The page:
I’ve talked previously, about the relative lack of sparkling wine startups in America. After all, making a sparkling wine is more time intensive and yes, intense than making a still wine. That’s why I was fascinated to see the J Roget Champagne Brut for sale at a local grocery store, for under $5.
To start with the basics, according to the bottle, this wine was produced in Canandaigua, New York. If that name doesn’t jump off the page at you, don’t be surprised. But, yes, Canandaigua is in the Finger Lakes. Here’s the map:
The Finger Lakes are an interesting place on a few levels, but this is kind of the thing that I’d expect to see more of in the future. First, they definitely have a big advantage that New York City offers an amazing home state market for their wines and the industry itself is moving toward a more acidic and cooler growing region future. Both of which fit what’s generally happening in the Finger Lakes. Plus, those cooler growing conditions help when making a sparkling wine.
You may be wondering why I have yet to call the J Roget Champagne Brut a Champagne. That’s largely because it isn’t on at least two levels. First, there are some rules and regulations about using the word Champagne on a bottle. There was a series of wine trade deals signed back about a decade ago, where American vintners agreed to stop using semi generic terms like Champagne and Chianti on wine labels. (Here’s the Wine Spectator description of those deals). A few California vintners were grandfathered in, but given that most of the other folks using the term got shut down-I wondering if J Roget is an older label, which was also grandfathered in, but because it isn’t California based, it gets left out of the news articles about the changes that took place in regard to labeling.
My real issue though, is that there’s something more egregious going on here. On the front of the bottle, there’s a small insignia that says “Secondary Fermentation Before Bottling”. That’s where using the word Champagne is simply wrong and IMO, misleading. One aspect that makes Champagne more expensive is that secondary fermentation happens in the bottle. It requires weekly shifting the bottles, an ongoing Champagne base and quite a bit of planning. The other version is how Prosecco is made, basically the wine is allowed to go through secondary fermentation in a large tank instead of an individual bottle.
So a more accurate name for this J Roget Champagne Brut, would probably be J Roget Processco Brut. Of course the Italians would cry foul based on the nomenclature there as well.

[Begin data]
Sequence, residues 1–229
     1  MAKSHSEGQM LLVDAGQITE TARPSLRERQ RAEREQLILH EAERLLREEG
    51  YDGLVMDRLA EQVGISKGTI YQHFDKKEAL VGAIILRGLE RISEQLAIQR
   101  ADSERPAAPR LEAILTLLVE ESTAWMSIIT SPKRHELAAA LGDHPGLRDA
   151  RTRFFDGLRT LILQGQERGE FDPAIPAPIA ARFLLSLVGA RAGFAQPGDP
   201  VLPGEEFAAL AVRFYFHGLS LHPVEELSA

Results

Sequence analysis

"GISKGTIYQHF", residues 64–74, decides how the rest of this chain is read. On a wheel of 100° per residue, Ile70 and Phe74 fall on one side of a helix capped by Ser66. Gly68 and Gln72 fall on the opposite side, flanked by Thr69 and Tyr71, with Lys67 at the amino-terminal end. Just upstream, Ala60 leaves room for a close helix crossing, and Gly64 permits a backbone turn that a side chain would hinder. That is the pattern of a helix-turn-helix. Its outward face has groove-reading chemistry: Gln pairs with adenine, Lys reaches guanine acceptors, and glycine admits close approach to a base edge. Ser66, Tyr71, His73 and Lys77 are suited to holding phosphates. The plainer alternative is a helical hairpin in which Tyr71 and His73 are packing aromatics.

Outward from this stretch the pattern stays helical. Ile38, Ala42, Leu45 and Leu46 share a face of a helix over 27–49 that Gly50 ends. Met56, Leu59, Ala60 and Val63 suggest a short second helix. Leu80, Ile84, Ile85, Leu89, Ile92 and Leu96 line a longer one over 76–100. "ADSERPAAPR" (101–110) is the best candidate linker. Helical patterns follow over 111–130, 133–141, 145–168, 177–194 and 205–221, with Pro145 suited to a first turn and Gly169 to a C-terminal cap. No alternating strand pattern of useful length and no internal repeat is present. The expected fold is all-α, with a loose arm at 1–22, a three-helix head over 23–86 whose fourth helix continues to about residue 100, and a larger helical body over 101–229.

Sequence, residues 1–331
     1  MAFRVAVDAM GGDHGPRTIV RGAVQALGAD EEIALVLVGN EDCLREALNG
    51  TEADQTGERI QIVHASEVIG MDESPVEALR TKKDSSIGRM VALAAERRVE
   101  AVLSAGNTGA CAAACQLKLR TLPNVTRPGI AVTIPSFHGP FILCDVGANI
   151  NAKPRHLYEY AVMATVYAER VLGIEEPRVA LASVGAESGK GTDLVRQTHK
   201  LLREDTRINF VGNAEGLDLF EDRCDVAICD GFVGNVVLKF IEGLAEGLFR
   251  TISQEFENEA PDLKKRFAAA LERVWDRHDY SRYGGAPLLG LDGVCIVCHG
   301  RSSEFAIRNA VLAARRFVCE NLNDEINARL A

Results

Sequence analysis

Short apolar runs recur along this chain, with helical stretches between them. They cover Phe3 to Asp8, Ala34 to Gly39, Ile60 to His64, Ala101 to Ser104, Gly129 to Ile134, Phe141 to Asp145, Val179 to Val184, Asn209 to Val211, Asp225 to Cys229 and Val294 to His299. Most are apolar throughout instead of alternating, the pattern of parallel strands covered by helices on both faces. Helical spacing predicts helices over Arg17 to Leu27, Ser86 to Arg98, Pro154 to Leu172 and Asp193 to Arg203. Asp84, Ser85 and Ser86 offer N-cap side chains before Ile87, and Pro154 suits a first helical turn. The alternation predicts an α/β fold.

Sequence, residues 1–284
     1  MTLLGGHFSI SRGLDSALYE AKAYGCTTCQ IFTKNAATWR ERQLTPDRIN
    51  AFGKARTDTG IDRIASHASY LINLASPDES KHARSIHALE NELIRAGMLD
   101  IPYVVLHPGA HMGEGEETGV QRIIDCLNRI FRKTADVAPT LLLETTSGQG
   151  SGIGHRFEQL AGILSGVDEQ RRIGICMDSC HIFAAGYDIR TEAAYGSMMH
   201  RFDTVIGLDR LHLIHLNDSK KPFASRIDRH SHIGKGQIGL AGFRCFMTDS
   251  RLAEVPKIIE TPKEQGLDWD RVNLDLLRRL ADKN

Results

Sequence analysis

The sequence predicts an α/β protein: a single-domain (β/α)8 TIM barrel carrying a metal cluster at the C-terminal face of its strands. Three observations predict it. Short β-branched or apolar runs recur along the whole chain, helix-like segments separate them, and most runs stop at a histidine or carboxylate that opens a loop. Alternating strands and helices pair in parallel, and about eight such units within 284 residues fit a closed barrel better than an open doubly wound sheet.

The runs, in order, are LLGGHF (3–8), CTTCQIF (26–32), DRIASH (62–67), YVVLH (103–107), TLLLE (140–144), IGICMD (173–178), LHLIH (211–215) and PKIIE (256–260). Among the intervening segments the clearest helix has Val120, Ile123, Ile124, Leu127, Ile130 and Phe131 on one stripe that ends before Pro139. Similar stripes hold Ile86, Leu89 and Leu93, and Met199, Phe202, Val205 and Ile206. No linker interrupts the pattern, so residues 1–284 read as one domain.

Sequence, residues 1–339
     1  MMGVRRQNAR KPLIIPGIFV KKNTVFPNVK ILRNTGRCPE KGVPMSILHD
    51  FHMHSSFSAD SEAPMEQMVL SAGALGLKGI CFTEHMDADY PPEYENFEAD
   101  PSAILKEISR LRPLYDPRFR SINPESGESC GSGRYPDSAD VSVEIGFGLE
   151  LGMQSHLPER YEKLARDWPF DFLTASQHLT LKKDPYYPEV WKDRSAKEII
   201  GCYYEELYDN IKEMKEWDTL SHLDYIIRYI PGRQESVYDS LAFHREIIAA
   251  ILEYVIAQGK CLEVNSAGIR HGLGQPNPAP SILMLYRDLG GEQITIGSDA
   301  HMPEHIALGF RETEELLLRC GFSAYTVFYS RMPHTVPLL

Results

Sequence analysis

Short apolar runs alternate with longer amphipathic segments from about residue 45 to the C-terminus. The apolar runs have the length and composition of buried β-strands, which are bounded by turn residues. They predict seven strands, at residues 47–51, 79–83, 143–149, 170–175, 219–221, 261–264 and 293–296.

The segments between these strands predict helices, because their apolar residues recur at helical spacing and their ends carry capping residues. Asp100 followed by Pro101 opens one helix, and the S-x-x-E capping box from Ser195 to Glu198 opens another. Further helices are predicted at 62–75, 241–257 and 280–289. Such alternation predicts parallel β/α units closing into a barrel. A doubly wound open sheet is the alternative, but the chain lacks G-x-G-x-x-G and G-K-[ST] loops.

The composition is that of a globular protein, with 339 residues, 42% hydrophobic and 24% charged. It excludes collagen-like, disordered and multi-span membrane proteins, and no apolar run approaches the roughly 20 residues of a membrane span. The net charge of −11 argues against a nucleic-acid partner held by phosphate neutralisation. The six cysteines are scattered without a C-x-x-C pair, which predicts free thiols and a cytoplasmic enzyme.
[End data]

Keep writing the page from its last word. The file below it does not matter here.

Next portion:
There was also one other interesting aspect to this wine that you don’t see all the time in a sparkler. It had a screw cap.
Honestly, for me the screw cap leaves a bit to be desired. I know it’s cheaper and all, but there’s something about popping the cork that I missed.
J Roget Champagne Brut Review:
So overall, how was the J Roget Champagne Brut? I thought it was ok, drinkable, which at about $5 is actually saying a lot. It’s quite fizzy when you pour it into the glass, but because this is doing secondary fermentation in a tank instead of bottle, the pressure per square inch is about half of what you’d expect based on the label. So it’s not as bubbily as you might expect. There are abundant flavors of apple and pear, there’s a bit of something in the aftertaste which I think makes this perfect with Mamossas, perfect for a party, but less than perfect if you’re a Champagne snob. We aren’t and we enjoyed this, especially given the price point, the J Roget Champagne Brut seems to deliver outstanding value. After all, for $5, it’s an enjoyable sparkler.
Ok, lastly, there’s not any information about who actually owns and makes this wine on the label. Given some of the naming sheninigans, I don’t think that’s utterly surprising. But, I wanted to look at bit deeper. Given the price point, it was clear this wasn’t going to be a small business.
It turns out that the J Roget label is owned by a truly massive conglomerate. Canandaigua Brands owns almost 200 alcohol brands and sells and distributes them worldwide. They’ve owned any number of household names in the wine and beer space,including Inglenook. More specifically for this article, J Roget became a brand in 1979. So it’s as old as I am. That also means that the brand is old enough and common enough, to use the Champagne term on its label as it was likely grandfathered in. Not making the sparkler though again in Champagne style, is what makes the French quite angry.
In any case, any naming issues aside, the J Roget Champagne Brut offered a nice value and shows how the Finger Lakes might move forward and gain more sales and attention across the country.